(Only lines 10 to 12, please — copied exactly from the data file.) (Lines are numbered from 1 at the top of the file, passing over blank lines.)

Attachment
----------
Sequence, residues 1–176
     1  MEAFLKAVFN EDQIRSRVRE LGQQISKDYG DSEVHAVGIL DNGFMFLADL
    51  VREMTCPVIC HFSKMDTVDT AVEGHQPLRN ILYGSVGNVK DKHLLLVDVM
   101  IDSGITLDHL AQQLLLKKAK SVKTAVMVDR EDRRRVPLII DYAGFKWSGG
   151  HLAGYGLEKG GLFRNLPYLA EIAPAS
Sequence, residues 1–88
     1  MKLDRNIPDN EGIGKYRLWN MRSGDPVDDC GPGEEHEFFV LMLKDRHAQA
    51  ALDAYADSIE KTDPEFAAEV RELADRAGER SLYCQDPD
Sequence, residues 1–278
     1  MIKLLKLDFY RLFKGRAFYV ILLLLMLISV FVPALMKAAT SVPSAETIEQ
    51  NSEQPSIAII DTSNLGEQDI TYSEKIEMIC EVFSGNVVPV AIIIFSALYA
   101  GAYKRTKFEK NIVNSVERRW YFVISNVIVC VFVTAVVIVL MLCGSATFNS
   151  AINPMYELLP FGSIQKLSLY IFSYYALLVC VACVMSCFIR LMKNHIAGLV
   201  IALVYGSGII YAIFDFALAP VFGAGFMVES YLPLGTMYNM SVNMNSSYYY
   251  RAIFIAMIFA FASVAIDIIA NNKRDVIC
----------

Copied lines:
     1  MIKLLKLDFY RLFKGRAFYV ILLLLMLISV FVPALMKAAT SVPSAETIEQ
    51  NSEQPSIAII DTSNLGEQDI TYSEKIEMIC EVFSGNVVPV AIIIFSALYA
   101  GAYKRTKFEK NIVNSVERRW YFVISNVIVC VFVTAVVIVL MLCGSATFNS